GBS commonly follows many bacterial and viral infections like Epstein–Barr virus, campylobacter jejuni, cytomegalovirus, influenza A virus, haemophilus influenza, and mycoplasma pneumoniae. Previous types of coronavirus (SARS-CoV and MERS) and Zika virus have been associated with GBS as well. Neurological involvement is common in COVID-19, with ageusia and anosmia as the most common specific manifestations. Other neurological manifestations include headache, vomiting, nausea, dizziness, and disorders of consciousness.

There have been reports of several cases of GBS in COVID-19 but the exact prevalence is still not known. Most literature reported affected males over 50 years[3] and the incidence of GBS rises with age reflecting the fact that older age and male gender are risk factors for more severe COVID-19.[4] All major subtypes of GBS such as acute inflammatory demyelinating polyneuropathy (AIDP), acute motor axonal neuropathy (AMAN), acute motor sensory axonal neuropathy (AMSAN), and Miller Fisher syndrome (MFS) have been reported in COVID-19. However, most reports are of AIDP, like in our case.

In a review article of 33 cases of GBS in COVID-19 by Kaveh Rahimi,[5] the average duration for neurological symptoms following COVID-19 infection was 11.92 ± 6.20 days. The mean age of the patients was 57.26 ± 15.82 years, with the youngest being 5 years and the oldest being 84 years old. Our patient was 84 years old and the quadriparesis started on 22nd day after the infection. In another article by James B. Caress et al.[6] (37 cases), the mean age was 59 years, the male prevalence was 65% and the mean duration 11 days. Respiratory failure was present in almost 40% of GBS related to COVID-19 which is higher than that observed in non-COVID GBS cases (20–30%).[7] This suggests that both COVID-19 pneumonia and GBS-associated respiratory muscle weakness contribute to the respiratory failure. The physicians should always consider GBS in the differential diagnosis of a respiratory insufficiency in patients with COVID-19, especially when there is a discrepancy between chest imaging and respiratory parameters.[8] Our case also had respiratory failure and required ventilatory support.

GBS in COVID-19 occurs because of the post-infectious mechanism of molecular mimicry. This is supported by delayed onset quadriparesis after SARS-CoV-2 infection and the presence of autoantibodies that result from an immune response directed to an epitope of the infectious agent that cross-reacts with a structurally similar component of peripheral nerve, resulting in delayed immune-mediated damage to peripheral nerve.[9] SARS-CoV-2 attaches to cell surfaces by the viral spike (S) protein, which binds to angiotensin-converting enzyme 2 and to gangliosides containing sialic acid residues, including the GalNAc residue of GM1.[6] Cross-reactivity between the viral protein–associated gangliosides and peripheral nerve gangliosides may result out of molecular mimicry and subsequent nerve sheath destruction.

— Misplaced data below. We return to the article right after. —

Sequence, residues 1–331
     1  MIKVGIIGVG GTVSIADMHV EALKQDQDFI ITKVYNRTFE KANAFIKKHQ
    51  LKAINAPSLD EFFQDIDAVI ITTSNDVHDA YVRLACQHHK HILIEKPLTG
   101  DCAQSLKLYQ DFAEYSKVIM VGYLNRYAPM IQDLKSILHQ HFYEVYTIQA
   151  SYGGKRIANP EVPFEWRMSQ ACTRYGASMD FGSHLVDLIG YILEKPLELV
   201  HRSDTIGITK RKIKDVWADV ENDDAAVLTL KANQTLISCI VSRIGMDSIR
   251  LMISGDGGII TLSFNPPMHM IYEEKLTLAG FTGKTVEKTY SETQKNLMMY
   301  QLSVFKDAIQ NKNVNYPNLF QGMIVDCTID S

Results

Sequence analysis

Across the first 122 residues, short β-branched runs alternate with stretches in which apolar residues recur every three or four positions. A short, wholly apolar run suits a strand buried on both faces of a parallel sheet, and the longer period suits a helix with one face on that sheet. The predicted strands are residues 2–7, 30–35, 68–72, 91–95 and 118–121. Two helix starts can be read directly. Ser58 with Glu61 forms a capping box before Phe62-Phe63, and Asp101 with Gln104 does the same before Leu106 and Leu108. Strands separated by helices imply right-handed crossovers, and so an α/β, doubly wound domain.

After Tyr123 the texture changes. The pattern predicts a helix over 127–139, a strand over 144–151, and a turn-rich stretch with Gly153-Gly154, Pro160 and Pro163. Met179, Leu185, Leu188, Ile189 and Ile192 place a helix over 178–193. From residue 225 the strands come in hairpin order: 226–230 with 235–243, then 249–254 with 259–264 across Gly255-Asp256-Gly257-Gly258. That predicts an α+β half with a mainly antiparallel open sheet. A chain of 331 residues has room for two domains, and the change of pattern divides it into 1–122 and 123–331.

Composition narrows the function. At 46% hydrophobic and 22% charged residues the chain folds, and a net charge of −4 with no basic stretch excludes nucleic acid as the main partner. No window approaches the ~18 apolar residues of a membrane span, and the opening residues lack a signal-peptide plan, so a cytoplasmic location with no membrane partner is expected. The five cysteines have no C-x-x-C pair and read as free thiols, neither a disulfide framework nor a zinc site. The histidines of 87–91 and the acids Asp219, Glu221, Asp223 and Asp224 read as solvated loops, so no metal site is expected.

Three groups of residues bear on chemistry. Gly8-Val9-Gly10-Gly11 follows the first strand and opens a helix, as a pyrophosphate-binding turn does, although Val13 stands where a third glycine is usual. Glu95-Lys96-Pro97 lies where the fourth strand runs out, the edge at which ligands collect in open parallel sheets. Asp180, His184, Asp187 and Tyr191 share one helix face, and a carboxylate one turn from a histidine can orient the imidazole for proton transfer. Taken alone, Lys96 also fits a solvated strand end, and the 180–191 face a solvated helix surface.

A parainfectious mechanism for GBS in COVID-19, mediated by the generalized, hyperinflammatory response is also suggested in some cases where symptoms of COVID-19 and GBS occurred simultaneously and autoantibodies were not detected.


  Conclusion Top


Neurological involvement in COVID-19 is common but GBS is rare and it should be considered in a patient with quadriparesis or respiratory failure which is out of proportion to the severity of the COVID illness. In fact, in the current scenario, all patient with GBS should be screened for COVID-19. This should be kept in mind by the primary care physicians.

Declaration of patient consent

The authors certify that they have obtained all appropriate patient consent forms. In the form the patient(s) has/have given his/her/their consent for his/her/their images and other clinical information to be reported in the journal. The patients understand that their names and initials will not be published and due efforts will be made to conceal their identity, but anonymity cannot be guaranteed.

Financial support and sponsorship

Nil.

Conflicts of interest

There are no conflicts of interest.



 
  References Top

1.
Mao L, Jin H, Wang M, Hu Y, Chen S, He Q, et al. Neurologic manifestations of hospitalized patients with coronavirus disease 2019 in Wuhan, China. JAMA Neurol 2020;77:683-90.  Back to cited text no. 1
    
2.
Uncini A, Vallat JM, Jacobs BC. Guillain-Barré syndrome in SARS-CoV-2 infection: An instant systematic review of the first six months of pandemic. J Neurol Neurosurg Psychiatry 2020;91:1105-10.  Back to cited text no. 2
    
3.
Diez-Porras L, Vergés E, Gil F, Vidal MJ, Massons J, Arboix A. Guillain-Barré-Strohl syndrome and COVID-19: Case report and literature review. Neuromuscul Disord 2020;30:859-61.  Back to cited text no. 3
    
4.
Berlin DA, Gulick RM, Martinez FJ. Severe COVID-19. N Engl J Med 2020;383:2451-60.  Back to cited text no. 4
    
5.
Rahimi K. Guillain-Barre syndrome during COVID-19 pandemic: An overview of the reports. Neurol Sci 2020;41:3149-56.  Back to cited text no. 5
    
6.
Caress JB, Castoro RJ, Simmons Z, Scelsa SN, Lewis RA, Ahlawat A, et al. COVID-19-associated Guillain-Barré syndrome: The early pandemic experience. Muscle Nerve 2020;62:485-91.  Back to cited text no. 6
    
7.
Webb S, Wallace VC, Martin-Lopez D, Yogarajah M. Guillain-Barré syndrome following COVID-19: A newly emerging post-infectious complication. J Neurol 2020;267:1877-9.  Back to cited text no. 7
    
8.
Zito A, Alfonsi E, Franciotta D, Todisco M, Gastaldi M, Ramusino MC, et al. COVID-19 and Guillain–Barré syndrome: A case report and review of literature. Front Neurol 2020;11:909.  Back to cited text no. 8
    
9.
Willison HJ, Jacobs BC, Van Doorn PA. Guillain-Barre syndrome. Lancet 2016;388:717-27.  Back to cited text no. 9
    



 
 
    Tables

  [Table 1], [Table 2]